Fraser opens perjury charges against those who implicated him before Zondo

Former State Security Agency (SSA) director general Arthur Fraser has escalated the battle between intelligence bosses past and present. He wants his successor, Loyisa Jafta, to be charged with lying under oath in testimony to the Zondo commission to implicate him in criminal abuses.

On Sunday Fraser laid complaints of perjury against Jafta, two colleagues identified only as Mr Y and Ms K by the commission and former minister Sydney Mufamadi, who headed the high-level review panel on the SSA, at the Hillbrow police station.

Fraser accused the head of the commission’s legal team, advocate Paul Pretorius, of leading the witnesses to commit perjury, and levels the same charge against Pretorius’s colleague, advocate Veruschka September. 

In an affidavit to the police, he said Mufamadi made himself guilty of “grossly mendacious conduct” last week when he told the commission that Fraser had unlawfully employed his son at a warehouse that served as a cover to a covert intelligence operation.

He said he had confirmed to the review panel that his son worked at the warehouse but was never asked whether it was fact.

According to Fraser, Mufamadi also lied when he told Pretorius that, while he was the accounting officer for the intelligence service, it failed to provide documentary evidence for R125.6-million used for operational purposes. He said the necessary documents had been handed to Jafta and had also been placed at the disposal of Ms K.

“As such, the relevant documentation is available from within the SSA, more particularly, the office of the acting director-general.”

He accused both Jafta and Mufamadi of inflating the value of SSA assets that could not be accounted for to R9-billion from the actual figure of about R9-million.
The sum had shocked Chief Justice Raymond Zondo when the commission last week heard evidence that the SSA was run like a fiefdom where rules went out the window as senior operatives and successive intelligence ministers indulged former president Jacob Zuma’s political and personal whims.

“There was a legal duty and fiduciary responsibility on Mr Jafta to correct the incorrect proportions that was now evidence before the commission and widely publicised in all forms of media,” Fraser said.

“Instead, Mr Jafta confirmed the correctness thereof when he knew that he was not being honest.”

He said he was baffled by the testimony of Ms K, the project manager of the “Project Veza” probe in the SSA on alleged abuses, that his vetting for security clearance at the SSA was an irregular process, rushed over three days in early September 2016.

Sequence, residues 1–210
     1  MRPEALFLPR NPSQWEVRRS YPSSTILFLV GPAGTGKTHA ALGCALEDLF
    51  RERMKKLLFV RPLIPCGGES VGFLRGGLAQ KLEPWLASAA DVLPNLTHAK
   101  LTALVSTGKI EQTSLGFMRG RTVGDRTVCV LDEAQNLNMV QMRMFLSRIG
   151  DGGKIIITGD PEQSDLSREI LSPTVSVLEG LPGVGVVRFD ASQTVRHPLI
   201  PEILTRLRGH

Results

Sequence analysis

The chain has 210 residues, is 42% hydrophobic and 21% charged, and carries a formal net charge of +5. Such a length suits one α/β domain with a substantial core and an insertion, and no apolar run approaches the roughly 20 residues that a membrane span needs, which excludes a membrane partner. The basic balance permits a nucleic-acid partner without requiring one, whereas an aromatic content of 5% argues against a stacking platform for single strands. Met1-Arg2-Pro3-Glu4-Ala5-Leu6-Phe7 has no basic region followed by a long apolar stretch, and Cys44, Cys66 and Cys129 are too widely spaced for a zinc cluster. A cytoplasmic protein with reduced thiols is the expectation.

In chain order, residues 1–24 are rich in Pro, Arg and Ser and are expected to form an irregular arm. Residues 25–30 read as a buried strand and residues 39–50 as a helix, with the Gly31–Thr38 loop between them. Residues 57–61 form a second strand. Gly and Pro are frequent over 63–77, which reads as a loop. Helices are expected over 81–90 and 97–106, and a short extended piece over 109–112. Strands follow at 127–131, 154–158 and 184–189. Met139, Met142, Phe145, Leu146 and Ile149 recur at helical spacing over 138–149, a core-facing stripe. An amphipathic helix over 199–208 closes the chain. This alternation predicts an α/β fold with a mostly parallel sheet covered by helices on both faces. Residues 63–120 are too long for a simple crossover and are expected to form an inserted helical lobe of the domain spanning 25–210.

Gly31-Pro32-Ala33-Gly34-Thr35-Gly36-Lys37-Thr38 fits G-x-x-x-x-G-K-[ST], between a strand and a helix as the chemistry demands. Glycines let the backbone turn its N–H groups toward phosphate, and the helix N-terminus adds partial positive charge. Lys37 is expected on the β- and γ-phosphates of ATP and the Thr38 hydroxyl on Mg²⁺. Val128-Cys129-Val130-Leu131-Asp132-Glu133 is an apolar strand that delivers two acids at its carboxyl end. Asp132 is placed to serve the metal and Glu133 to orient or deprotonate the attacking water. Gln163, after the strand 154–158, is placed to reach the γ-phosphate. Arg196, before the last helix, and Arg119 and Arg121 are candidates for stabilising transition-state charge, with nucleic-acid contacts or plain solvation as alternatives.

Finally, he denied the allegation by the witnesses that Zuma abused the SSA to fight battles in the ANC.

“I further dispute any allegations of the SSA, under my leadership, having contributed to unlawfully benefit any factions.”

Fraser said it was in line with the Constitution that intelligence operatives were deployed to the ANC conference at Nasrec in December 2017 where Cyril Ramaphosa was elected as president of the party.

Ms K had testified that Fraser recalled members of the disbanded Chief Directorate of Special Operations for the conference and that the SSA spent R19-billion on the operation.

Fraser stressed that he, as well as other people, knew the real identities of Ms K and Mr Y.

It was expected that Fraser, who is the current director general of correctional services, would step up his counteroffensive after the latest allegations against him at the commission. 

Last year, after the commission heard testimony that he blocked investigations into the Gupta family, he demanded Jafta declassify a raft of dossiers, including documents relating to a project by foreign intelligence chief Moe Shaik to co-opt media organisations.

Fraser reiterated the demand in a lawyer’s letter sent to Jafta on January 23. The letter intimates that the information he wants declassified will reveal wrongdoing by former intelligence boss Gibson Njenje, the origins of a disinformation report portraying former public protector Thuli Madonsela as a CIA agent and payments from the SSA to Charles Nqakula while he served as national security adviser in the presidency.

Njenje has told the commission that Ajay Gupta chaired a meeting with ministers in Zuma’s study, and corroborated testimony by Shaik that Zuma and Siyabonga Cwele, then the state security minister, had shut down investigations into the Guptas in 2011.

In his statement to the police, Fraser said he reserved the right to bring further criminal charges against those who had deceived the commission and the country as a whole.

Read Fraser’s statement below:

Arthur Fraser Statement by Mail and Guardian on Scribd

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